Barack Obama has packed his overseas trip with presidential images: a helicopter ride over Iraq with the U.S. military commander; a visit to a Holocaust memorial; a meeting at Afghan President Hamid Karzai's palace.
He even found time to sink a three-point basketball shot before cheering U.S. soldiers.
His most memorable picture of the week was riding a golf cart with former President George Bush at Bush's Kennebunkport vacation home in Maine.
If the image campaign means anything, it's been a tough week for the Republican presidential candidate.
"It's not even a close call," said Larry Sabato, director of the University of Virginia Center for Politics. "This week at least, it looks like incumbent President Obama running against challenger Bob Dole. That's exactly what it looks like, the future versus the past."
CNN cut away Wednesday from live coverage of McCain's town meeting in Wilkes-Barre, Pa., to cover Obama's news conference in Israel (although it later showed McCain highlights). MSNBC and Fox News Channel briefly showed pictures of McCain's meeting but didn't stay to hear what he had to say, and covered Obama in full.
The TV executives made that decision even though Obama's trip has raised the issue of whether the news media is giving a disproportionate amount of attention to the Democrat. McCain's campaign on Tuesday released a video mocking a media love-in with Obama.
Symbolism at every stop
Obama has traveled like a president, ferrying aides and reporters to the Middle East in a white 757 charter plane that displays the motto "Change We Can Believe In." He brought along a large group of aides, including campaign strategist David Axelrod.
The overseas trip was designed to hold meetings with people "who I expect to be dealing with over the next eight to 10 years," said Obama.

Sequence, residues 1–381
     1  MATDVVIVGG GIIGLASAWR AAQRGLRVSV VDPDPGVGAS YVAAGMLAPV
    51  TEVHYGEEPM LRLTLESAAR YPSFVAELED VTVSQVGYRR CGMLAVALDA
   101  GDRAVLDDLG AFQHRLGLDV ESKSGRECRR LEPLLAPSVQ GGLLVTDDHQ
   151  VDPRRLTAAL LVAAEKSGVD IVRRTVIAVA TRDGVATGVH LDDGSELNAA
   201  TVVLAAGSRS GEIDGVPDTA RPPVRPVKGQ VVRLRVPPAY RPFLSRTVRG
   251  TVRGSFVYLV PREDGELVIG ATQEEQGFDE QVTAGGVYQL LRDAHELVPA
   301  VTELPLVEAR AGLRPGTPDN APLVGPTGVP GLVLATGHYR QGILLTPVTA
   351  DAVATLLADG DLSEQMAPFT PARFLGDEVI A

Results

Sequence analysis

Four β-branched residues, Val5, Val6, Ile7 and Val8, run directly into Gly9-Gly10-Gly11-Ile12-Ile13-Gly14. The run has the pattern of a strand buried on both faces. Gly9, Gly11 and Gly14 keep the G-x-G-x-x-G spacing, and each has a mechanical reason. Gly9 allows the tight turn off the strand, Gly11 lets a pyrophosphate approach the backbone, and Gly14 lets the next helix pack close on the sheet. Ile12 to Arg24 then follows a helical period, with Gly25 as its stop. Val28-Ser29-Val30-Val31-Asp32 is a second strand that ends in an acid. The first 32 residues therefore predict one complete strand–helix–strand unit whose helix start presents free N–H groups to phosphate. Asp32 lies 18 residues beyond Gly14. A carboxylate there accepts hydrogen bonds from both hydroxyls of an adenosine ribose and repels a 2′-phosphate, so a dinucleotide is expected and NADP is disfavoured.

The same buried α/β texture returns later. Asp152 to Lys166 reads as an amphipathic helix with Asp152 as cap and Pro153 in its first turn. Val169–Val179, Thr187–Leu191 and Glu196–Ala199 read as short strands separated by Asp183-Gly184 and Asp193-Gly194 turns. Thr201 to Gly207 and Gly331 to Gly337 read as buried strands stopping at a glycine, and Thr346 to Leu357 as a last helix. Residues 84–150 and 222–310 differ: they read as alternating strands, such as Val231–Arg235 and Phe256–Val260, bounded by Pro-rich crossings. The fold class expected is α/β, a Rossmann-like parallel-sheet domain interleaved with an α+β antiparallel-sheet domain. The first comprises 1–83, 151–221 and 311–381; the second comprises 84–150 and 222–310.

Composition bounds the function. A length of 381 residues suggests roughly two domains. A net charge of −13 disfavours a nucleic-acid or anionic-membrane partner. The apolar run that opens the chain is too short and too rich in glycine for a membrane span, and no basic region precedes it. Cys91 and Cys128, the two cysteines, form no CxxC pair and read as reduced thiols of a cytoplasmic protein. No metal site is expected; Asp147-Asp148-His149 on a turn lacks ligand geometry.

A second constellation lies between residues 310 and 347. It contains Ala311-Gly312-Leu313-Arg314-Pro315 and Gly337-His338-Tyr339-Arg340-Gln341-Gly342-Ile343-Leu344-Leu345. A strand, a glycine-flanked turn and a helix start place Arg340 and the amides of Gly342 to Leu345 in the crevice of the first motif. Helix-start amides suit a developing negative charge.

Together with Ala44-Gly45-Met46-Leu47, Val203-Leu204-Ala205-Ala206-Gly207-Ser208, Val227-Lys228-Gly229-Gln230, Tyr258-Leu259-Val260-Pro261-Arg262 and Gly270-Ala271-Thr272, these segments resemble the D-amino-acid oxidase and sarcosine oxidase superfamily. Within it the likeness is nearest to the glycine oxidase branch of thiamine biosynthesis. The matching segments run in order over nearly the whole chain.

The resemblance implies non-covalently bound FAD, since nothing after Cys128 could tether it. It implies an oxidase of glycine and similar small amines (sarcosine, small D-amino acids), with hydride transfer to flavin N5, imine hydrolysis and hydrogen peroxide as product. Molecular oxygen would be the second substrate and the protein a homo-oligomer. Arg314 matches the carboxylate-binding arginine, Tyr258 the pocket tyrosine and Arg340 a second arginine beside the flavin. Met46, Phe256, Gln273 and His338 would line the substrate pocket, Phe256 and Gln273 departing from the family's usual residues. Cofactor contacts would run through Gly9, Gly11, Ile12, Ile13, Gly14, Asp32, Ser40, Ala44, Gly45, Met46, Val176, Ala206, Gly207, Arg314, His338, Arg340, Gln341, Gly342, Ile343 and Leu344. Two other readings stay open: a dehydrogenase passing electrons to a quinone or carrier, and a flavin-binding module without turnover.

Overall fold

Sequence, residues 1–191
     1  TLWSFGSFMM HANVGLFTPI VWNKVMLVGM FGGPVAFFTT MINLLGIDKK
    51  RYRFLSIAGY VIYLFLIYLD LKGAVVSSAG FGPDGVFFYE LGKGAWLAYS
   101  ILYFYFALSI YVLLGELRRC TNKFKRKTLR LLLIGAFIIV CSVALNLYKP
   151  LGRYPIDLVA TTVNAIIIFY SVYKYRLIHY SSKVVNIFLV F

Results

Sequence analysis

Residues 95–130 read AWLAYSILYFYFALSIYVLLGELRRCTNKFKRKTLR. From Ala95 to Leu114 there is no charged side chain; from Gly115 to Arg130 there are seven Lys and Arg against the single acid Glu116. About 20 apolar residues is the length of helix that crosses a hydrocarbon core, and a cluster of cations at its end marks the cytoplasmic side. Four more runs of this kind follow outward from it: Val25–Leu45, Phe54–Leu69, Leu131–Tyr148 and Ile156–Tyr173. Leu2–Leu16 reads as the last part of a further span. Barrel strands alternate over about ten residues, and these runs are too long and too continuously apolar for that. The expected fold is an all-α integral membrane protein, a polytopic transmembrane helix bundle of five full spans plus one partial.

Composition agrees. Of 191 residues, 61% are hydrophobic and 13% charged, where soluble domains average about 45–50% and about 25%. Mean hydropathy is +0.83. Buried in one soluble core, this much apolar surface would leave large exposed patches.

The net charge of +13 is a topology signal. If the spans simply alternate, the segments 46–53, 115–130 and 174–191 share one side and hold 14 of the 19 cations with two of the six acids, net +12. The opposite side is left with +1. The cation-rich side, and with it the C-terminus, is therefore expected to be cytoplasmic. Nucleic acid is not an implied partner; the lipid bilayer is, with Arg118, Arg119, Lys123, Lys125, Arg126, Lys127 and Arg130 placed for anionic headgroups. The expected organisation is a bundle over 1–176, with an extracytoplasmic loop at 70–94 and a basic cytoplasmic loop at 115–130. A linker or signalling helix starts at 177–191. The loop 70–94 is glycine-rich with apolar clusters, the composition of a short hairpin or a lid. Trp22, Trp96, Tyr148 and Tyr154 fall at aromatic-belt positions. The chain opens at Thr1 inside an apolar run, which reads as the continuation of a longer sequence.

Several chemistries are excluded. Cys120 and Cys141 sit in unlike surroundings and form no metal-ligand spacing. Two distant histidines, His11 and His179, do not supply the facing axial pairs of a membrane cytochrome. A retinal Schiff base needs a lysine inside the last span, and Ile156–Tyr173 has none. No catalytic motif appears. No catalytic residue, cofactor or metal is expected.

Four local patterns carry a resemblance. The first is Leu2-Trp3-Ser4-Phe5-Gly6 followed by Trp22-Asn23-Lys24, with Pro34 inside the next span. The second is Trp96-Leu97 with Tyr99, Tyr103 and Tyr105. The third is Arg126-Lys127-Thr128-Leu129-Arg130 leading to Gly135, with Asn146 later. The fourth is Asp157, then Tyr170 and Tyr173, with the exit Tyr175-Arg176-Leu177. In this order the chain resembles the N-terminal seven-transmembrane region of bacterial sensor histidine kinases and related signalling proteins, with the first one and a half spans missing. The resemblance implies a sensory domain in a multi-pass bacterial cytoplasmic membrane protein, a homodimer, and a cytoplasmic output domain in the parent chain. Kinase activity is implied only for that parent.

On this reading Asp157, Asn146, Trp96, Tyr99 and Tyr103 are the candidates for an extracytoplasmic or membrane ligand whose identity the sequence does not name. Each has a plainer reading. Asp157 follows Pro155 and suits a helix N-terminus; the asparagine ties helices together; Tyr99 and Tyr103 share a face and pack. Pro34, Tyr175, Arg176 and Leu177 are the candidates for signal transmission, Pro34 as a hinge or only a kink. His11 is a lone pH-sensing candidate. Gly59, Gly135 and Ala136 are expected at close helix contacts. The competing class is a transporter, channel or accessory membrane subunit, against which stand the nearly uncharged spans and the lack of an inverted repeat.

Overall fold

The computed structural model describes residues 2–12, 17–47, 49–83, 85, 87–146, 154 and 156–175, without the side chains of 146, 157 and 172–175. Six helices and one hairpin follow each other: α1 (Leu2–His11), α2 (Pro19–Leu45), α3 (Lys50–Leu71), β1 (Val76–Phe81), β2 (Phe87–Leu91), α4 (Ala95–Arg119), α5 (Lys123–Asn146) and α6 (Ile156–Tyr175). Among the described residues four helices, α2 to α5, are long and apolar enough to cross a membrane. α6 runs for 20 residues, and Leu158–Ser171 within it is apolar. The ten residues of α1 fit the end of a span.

Every stop seemed designed with symbolism in mind. He lit a memorial flame at Israel's Yad Vashem Holocaust memorial and stopped at a house under reconstruction after it was hit by Hamas rockets. He met with both Israeli Prime Minister Ehud Olmert and Palestinian President Mahmoud Abbas, and heard Israeli President Shimon Peres say "God bless you."
"If it continues to go well, Obama has passed a certain presidential threshold," Sabato said. "It's just been perfect. He's even been in Oval Office-like chairs. It has helped him. I think that image will linger."
This week it's simply impossible for McCain to compete, he said.
But Sabato noted the calendar — it's still July. There are many more campaign images to come. CBS News' Jeff Greenfield said he "has a certain skepticism about whether these pictures in July are going to mean much in November."
Obama's confident basketball shot — the only real image that couldn't be planned ahead — may be nice, but will it be forgotten as quickly as his sorry attempts at bowling?
A week like this is probably most important in the eyes of each campaign's supporters, particularly for McCain, Greenfield said.
"It can encourage grumbling, it can encourage backbiting and it could have an effect on fundraising," he said.